Where is My Website on Google: Demystifying Website Rank

We’re often asked by clients why their website isn’t coming up on Google when they search a relevant phrase to their business. While it seems like a simple enough question, the answer is actually a lot more complicated than people realize. Demystifying how Google ranks websites can help you understand where your website is going wrong for rank and how to fix it so that your website shows up more often on the search page. This process is commonly known as Search Engine Optimization, or SEO.

What are Rank and Authority?

“Rank” is the term for where your website shows up on the search engine results page. In Google terms, this is commonly called PageRank. When you search for any term, the top result is the first “ranked” website, then the second, etc. Your rank will change depending on the search query and the other things that Google takes into account when ranking sites. The most important part of how your website ranks has to do with “authority.” In its simplest form, authority is a combination of the popularity and the trustworthiness of a website. There are plenty of popular sites that are not safe to browse, and alternately there are extremely safe websites that are not popular at all. Combining these two metrics is how Google determines where your website ends up when a user completes a search.

What Exactly is Google Looking For?

Believe it or not, there actually aren’t hard numbers for rank or authority that digital marketers can look at. Google keeps its cards close to the chest, and so while we know what Google is looking for, Google doesn’t tell us outright when we’re doing search engine optimization correctly. There are various marketing tools online that attempt to guess at authority and rank, but they’re just that – estimates. Despite the uncertainty, there is an accurate list of things that contribute to more authority, and higher rank:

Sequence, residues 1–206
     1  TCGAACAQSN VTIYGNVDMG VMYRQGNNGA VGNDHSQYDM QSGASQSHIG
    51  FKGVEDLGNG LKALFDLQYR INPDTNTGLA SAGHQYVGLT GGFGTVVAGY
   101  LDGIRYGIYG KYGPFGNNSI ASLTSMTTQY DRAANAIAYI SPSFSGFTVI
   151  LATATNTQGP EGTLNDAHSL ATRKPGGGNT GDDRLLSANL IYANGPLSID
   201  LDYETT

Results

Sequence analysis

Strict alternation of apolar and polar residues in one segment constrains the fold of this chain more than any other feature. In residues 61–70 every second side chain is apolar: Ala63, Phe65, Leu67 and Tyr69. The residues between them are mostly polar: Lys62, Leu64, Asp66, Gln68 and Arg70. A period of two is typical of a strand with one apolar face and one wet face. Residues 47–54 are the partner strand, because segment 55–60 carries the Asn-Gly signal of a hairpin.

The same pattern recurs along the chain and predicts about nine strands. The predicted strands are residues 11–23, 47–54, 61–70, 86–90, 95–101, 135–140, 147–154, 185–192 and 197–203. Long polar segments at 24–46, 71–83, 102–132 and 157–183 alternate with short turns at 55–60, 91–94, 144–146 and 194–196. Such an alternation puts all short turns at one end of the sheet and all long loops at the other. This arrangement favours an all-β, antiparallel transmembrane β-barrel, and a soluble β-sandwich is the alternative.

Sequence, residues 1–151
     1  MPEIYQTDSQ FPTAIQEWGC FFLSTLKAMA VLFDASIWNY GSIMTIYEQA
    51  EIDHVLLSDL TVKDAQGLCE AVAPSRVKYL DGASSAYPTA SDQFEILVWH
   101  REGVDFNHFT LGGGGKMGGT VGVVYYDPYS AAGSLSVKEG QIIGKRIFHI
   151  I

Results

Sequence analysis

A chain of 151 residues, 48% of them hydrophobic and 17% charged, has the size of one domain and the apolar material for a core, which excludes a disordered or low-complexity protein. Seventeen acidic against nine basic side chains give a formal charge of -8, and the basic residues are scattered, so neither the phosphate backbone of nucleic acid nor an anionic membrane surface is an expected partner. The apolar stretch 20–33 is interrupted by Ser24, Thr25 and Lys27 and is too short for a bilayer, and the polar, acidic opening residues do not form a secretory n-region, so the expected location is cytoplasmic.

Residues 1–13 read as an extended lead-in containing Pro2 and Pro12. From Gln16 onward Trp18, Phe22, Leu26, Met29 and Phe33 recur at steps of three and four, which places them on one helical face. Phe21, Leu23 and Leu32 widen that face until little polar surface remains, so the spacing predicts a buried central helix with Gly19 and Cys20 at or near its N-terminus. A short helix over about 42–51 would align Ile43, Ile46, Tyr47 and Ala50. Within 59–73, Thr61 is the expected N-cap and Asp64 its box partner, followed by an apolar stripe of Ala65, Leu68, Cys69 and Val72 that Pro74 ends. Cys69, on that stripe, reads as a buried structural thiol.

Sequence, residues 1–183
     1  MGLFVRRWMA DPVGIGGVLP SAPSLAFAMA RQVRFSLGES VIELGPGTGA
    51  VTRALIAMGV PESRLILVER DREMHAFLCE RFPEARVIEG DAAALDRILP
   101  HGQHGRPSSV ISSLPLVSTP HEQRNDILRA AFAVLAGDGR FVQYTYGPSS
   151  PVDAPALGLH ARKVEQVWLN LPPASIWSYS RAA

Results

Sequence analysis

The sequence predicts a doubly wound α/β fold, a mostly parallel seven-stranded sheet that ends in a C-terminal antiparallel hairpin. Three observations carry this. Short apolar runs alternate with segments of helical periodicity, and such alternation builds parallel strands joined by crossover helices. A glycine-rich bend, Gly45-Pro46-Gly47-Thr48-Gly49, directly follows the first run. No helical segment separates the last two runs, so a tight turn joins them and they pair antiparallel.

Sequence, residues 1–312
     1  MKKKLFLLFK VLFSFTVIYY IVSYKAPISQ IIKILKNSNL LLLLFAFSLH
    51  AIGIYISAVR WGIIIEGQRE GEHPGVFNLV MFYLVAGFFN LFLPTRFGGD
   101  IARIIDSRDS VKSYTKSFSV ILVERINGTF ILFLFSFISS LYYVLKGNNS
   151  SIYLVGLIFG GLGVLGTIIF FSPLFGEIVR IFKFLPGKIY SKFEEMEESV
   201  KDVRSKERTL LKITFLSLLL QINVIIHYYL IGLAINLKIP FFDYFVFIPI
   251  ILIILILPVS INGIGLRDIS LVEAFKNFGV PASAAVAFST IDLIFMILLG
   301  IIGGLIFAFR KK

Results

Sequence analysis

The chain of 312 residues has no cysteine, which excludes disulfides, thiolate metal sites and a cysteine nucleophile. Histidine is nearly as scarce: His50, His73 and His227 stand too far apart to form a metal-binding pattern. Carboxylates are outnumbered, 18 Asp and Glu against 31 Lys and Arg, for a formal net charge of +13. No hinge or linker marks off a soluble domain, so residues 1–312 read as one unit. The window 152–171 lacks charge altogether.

• Internal links on your website for usability
  • An XML sitemap for Google to “crawl”
  • Safe browsing features, such as HTTPS
  • Lots of relevant content for your users
  • Optimization for mobile devices
  • Social media metrics
  • Keywords
  • Website traffic
  • And, most importantly: Backlinks from relevant and authoritative websites.

The World Wide Web of Websites

The “web” may be a colloquial word, but it accurately reflects what Google is looking for above all: interconnectedness. Google rewards sharing content and connecting to pertinent articles and other related websites. This is why articles that go viral rank so well – there are tons of people backlinking to the original article, thus boosting its authority and rank, so it reaches even more people! While it can seem like a lot to take in, learning what Google values in a website can help you understand what may need to change in your digital marketing strategy as you optimize your website for success.

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